The cooperation between academia, technological institutions, public sector and private sector. Most of the new knowledge in science and technology comes from the universities and technological institutions. The public sector is needed mainly in two areas: as a provider of the legal system and of funds – mostly grants – which are the most common source of financing for raising the necessary initial capital. Lastly, the private sector needs to be involved as the potential clients and buyers of the innovations that start-ups create.
At LATU we already have a very dynamic ecosystem. In our Technological Park are all the players mentioned above: academia (UTEC, Plan Ceibal, UTU, INIA, LATITUDE – Fundación LATU), government agencies such as ANII; and many technology companies, several of them former members of Ingenio. Also, some important chambers of commerce are headquartered here, such as CUTI and CIU, and other private non-profit organizations dedicated to supporting entrepreneurs, such as Endeavor and Empretec.
We also cooperate a lot with actors that are outside the Technology Park, such as major universities, other government agencies, or international networks of incubators.
Which stories of Uruguayan entrepreneurs supported by LATU over the last years do you find the most inspiring so far?
Fortunately, almost all of our over 50 graduates of the incubator so far are success stories. An example of this is Tryolabs: regional leader in Artificial Intelligence, they even have a split in Silicon Valley. Other examples are MVD Technologies (our first graduate), Simplifica, XSeed, Nareia and Dvelop – all still in the Technology Park.
The Technology Park really is an ideal scenario for everyone: entrepreneurs stay close to the place where they gave birth to their companies, while continuing to cooperate and sharing experiences with the new residents of the incubator.
Some of our other graduates have been very innovative and made great changes in their industries: AZSportech transformed nothing less than football. Acrux created software for fishing captains that is unique in the world, to mention just a few examples.
How strong do you consider Uruguay’s position at the moment, with regards to its potential to attract investors and talent?
Uruguay has, for many years, offered a wide range of incentives for different types of activities – industrial, commercial or services – to be carried out in the country. Among the main incentives offered are the investment law, sectoral incentives, free tax zones, the free port and airport regimes, public-private participation contracts, industrial parks and temporary admission.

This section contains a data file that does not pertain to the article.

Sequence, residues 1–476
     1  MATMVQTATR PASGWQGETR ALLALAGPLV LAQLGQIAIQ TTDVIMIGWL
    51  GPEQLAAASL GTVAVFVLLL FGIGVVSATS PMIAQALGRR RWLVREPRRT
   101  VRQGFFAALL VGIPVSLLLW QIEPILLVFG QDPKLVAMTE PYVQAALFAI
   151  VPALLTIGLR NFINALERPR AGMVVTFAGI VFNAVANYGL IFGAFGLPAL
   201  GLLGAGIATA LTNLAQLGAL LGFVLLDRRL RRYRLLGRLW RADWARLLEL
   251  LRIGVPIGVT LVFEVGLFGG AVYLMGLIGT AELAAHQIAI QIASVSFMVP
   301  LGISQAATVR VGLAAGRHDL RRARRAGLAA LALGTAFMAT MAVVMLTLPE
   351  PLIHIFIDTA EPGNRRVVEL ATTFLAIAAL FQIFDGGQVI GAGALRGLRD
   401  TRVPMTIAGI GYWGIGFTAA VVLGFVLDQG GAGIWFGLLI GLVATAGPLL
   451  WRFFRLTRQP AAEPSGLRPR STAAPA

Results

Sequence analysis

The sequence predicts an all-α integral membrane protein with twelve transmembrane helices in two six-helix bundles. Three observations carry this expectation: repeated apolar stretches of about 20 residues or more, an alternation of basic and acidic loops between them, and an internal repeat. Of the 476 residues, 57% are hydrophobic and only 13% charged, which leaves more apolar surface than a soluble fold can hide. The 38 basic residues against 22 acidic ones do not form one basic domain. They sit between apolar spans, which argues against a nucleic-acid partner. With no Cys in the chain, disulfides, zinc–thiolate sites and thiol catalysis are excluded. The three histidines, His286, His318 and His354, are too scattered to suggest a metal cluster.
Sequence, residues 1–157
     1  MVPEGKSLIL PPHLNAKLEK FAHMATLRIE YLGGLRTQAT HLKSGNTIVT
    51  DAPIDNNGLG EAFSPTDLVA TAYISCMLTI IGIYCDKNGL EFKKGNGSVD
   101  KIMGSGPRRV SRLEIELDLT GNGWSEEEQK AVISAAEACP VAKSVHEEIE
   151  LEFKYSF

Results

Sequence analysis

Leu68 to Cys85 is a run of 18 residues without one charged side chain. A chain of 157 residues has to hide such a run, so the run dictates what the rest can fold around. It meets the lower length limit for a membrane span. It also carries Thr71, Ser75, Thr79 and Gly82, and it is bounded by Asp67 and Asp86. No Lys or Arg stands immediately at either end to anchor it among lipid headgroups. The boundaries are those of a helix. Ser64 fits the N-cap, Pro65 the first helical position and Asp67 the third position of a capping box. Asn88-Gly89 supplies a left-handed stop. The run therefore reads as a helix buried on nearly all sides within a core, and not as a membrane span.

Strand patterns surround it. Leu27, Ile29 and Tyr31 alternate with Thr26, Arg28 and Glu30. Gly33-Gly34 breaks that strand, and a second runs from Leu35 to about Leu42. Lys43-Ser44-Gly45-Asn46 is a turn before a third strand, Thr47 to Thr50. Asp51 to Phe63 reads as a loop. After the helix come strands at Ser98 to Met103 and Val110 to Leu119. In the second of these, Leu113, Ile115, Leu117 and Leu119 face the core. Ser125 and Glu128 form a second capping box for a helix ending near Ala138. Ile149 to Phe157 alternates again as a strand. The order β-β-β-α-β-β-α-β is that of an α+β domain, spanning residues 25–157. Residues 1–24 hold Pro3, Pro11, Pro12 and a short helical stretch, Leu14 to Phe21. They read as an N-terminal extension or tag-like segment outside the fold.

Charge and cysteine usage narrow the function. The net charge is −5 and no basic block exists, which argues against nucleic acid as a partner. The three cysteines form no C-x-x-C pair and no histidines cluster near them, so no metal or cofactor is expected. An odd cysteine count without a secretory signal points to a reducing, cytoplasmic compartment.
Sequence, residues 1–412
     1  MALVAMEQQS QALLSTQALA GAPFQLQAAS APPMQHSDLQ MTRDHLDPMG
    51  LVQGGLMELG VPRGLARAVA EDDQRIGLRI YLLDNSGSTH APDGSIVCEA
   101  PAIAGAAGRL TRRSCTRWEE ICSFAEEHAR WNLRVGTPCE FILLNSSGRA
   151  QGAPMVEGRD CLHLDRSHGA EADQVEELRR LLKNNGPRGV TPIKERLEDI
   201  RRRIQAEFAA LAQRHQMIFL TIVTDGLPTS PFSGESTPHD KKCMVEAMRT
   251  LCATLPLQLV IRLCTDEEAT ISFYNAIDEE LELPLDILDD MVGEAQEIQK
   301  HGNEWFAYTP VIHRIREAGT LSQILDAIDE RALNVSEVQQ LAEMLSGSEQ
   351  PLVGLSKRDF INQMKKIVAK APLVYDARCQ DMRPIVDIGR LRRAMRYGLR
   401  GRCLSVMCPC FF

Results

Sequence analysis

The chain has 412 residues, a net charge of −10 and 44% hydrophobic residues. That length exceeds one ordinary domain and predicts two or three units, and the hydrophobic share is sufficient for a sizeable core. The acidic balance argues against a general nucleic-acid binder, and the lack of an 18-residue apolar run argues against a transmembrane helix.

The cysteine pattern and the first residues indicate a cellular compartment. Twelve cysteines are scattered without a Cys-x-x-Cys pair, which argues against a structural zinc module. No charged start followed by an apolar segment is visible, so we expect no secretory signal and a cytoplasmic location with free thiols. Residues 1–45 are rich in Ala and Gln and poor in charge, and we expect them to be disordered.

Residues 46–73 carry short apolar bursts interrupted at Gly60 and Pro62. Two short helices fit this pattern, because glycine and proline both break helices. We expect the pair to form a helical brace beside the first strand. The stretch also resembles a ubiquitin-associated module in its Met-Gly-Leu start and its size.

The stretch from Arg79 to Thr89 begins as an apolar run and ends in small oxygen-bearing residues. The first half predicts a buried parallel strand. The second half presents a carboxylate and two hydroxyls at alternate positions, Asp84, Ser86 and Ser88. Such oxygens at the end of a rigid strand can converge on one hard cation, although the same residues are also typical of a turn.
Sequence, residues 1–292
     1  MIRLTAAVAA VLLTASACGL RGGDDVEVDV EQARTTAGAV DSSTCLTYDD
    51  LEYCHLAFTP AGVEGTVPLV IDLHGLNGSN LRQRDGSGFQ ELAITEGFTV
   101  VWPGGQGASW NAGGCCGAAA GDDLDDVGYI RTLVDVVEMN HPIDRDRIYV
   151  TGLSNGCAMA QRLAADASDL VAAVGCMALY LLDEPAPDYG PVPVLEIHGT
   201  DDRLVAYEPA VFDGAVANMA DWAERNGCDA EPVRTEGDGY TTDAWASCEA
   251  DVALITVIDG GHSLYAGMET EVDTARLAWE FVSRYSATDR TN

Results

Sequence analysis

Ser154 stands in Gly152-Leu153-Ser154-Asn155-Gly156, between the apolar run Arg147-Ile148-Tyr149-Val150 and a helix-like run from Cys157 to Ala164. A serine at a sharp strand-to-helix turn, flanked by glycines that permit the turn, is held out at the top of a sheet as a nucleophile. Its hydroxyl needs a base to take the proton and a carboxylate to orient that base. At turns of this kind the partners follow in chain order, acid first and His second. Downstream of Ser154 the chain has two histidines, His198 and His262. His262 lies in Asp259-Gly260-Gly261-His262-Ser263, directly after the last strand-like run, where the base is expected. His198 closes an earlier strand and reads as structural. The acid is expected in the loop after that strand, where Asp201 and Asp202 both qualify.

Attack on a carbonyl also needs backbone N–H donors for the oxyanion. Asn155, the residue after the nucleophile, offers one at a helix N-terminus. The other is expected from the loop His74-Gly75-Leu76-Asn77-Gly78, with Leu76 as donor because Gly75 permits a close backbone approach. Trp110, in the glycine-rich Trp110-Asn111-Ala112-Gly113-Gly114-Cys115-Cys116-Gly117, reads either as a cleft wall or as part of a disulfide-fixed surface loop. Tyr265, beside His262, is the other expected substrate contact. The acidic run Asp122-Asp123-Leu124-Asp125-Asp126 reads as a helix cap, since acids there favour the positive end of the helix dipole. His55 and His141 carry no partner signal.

Investment in Uruguay, both from domestic and foreign sources, is declared a key national interest by law. Tax incentives in particular make investing here very attractive. In addition, there are no restrictions for the transfer of profits abroad or for trading in the foreign exchange market.
In your view, which are the main benefits of a country promotion organization like Uruguay XXI, for the country’s businesses and entrepreneurs?
Having an organization like Uruguay XXI not only allows capturing productive foreign investment, but also contributes to the internationalization and competitiveness of Uruguayan companies. Uruguay XXI generates strategic information for decision makers and helps Uruguay to position itself internationally.
Looking forward, which tendencies do you observe in Uruguay at the moment which might support (or hinder) its competitiveness internationally?
Strong competition among countries in Latin America to attract resources that stimulate their economies is one of the main challenges. That’s why it is so important to build strong alliances between academia, public and private sectors.
If there was a greater market for risk capital in Uruguay, it would be another factor that would strengthen our competitiveness as country.
3 reasons why international start-ups or entrepreneurs should consider Uruguay as location to work and invest in?
Almost all Uruguayans are children of grandchildren of immigrants. Therefore, we are very friendly with foreigners. We are one of the few countries in the world that receive more tourists every year than the number of people in our population. We welcome people from other places.
The political stability reflected in our consolidated democratic system, as well as the stable legal framework of Uruguay.
The high professional level of our people provides an ideal environment for succeeding with your business, here in Uruguay.
Thank you, Jorge.
More about LATU here.
Our interview with Jorge Silveira Noble is part of our special report on Uruguay. More about the country and why you might want to consider living, working or investing there here.
Latest posts by Florian Kaefer (see all)
- Interview with José Koechlin von Stein of Inkaterra Hotels about Tourism, Conservation and Community Development in Peru - 23 May 2019
- Peru as Destination, its National Identity and Branding: Country Report - 22 May 2019
- The Place Economy Volume Two: A New Style of Placemaking Is Shaking Up Community Development Around the World - 16 May 2019